Memorandum submitted by Mrs Angela Browning
MP and Mr Richard Shepherd MP
The Majority Report reflects the opinion of the Modernisation
Select Committee that the Sessional Order of 7 November 2000 is
As a general observation it has not secured the proper
consideration of bills and it now ensures, because of the principled
opposition of the Opposition, that the House consistently rises
later than it has hitherto in this Parliament.
As many feared, the Sessional Order has increased
the power of the Executive over the timetable of bills in Standing
Committee and denied the House the ability to cover shortfalls
Every bill this session has been guillotined. Few
enquiries if any are made of the Official Opposition or opposition
parties as to what time may be necessary to properly discharge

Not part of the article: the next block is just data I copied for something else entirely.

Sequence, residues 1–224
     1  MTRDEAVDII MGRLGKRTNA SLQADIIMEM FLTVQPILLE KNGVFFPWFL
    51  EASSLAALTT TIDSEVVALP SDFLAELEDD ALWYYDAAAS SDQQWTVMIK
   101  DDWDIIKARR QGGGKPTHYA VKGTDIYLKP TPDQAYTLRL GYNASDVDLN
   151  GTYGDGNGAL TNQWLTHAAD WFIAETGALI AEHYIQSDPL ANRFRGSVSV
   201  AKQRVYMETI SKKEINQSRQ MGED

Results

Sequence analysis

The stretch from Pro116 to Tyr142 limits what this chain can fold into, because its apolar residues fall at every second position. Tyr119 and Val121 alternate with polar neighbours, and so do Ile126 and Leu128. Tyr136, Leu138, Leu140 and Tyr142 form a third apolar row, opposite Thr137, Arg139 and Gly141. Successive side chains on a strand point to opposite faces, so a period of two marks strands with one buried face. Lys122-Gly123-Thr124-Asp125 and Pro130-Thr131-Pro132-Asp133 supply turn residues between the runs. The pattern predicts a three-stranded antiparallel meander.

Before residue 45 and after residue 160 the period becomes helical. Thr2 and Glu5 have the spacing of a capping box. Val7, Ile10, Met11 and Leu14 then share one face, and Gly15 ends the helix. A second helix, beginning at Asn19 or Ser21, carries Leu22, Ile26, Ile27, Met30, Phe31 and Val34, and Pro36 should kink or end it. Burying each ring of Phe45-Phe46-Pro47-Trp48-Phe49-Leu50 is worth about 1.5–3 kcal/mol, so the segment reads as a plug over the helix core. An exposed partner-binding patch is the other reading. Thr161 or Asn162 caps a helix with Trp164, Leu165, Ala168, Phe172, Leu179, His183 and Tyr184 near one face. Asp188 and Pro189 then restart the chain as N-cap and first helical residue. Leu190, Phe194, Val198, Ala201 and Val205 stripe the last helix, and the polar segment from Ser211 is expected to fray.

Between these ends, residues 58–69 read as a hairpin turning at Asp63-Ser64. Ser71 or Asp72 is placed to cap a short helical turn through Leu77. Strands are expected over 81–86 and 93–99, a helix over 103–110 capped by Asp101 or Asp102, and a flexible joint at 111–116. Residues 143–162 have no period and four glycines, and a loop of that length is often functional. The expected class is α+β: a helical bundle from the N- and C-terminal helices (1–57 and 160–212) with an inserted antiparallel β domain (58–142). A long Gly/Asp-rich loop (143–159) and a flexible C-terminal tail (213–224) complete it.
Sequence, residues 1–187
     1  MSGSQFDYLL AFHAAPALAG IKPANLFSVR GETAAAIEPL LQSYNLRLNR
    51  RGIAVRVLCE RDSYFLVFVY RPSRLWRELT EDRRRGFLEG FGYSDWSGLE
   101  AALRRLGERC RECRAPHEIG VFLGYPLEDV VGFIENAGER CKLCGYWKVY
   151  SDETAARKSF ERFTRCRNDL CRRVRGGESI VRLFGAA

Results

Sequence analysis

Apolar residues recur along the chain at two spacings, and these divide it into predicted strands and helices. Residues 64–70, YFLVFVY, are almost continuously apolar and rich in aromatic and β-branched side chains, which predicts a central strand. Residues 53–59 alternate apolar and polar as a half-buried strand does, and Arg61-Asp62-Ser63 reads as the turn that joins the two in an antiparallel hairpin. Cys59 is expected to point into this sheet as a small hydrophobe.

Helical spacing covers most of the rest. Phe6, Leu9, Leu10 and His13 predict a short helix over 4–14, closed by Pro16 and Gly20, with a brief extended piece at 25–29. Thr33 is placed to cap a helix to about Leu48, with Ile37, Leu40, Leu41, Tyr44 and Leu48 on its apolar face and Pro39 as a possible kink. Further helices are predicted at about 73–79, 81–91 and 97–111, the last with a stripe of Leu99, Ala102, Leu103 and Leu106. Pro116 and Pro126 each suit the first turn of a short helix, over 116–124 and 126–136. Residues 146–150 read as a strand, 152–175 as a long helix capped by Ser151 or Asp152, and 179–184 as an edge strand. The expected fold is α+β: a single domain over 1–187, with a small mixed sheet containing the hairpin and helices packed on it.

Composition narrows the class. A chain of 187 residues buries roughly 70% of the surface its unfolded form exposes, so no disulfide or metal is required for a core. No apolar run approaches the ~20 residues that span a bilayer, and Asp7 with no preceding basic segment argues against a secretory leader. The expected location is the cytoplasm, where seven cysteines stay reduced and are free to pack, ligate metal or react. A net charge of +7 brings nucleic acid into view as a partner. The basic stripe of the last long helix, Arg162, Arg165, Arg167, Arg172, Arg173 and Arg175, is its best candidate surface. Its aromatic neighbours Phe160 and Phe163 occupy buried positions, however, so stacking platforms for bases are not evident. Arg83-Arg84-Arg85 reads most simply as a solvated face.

the duty of scrutiny. This may perhaps best be illustrated by
reference to the Criminal Justice and Police Bill. The out time
from Standing Committee, which had been set immediately after
Second Reading and without any reference to the weight of issues
raised at Second Reading, simply proved inadequate. When the guillotine
fell at 7 pm in Standing Committee the Committee had only reached
Clause 90 out of 132. There were amendments yet to be considered,
including Government amendments. Those experienced members who
chaired the Committee were clear that there had been no filibustering.
The whole of Part III, from Clause 49 to Clause 69, had also not
been considered. The Guillotine arrangements for Report Stage
were also so tight that clauses and amendments which had not been
considered in Standing Committee were not considered at Report.
As Mr Simon Hughes said on the floor of the House:
'Debate on the early parts
of the Bill was often guillotined and we did not fully consider
the rest, so it is true to say that we had not properly considered
many measures, including significant clauses.' (Hansard col 750)
As the House knows, the Government tabled a Motion
'the Bill shall be deemed
to have been reported to the House, as amended by the Committee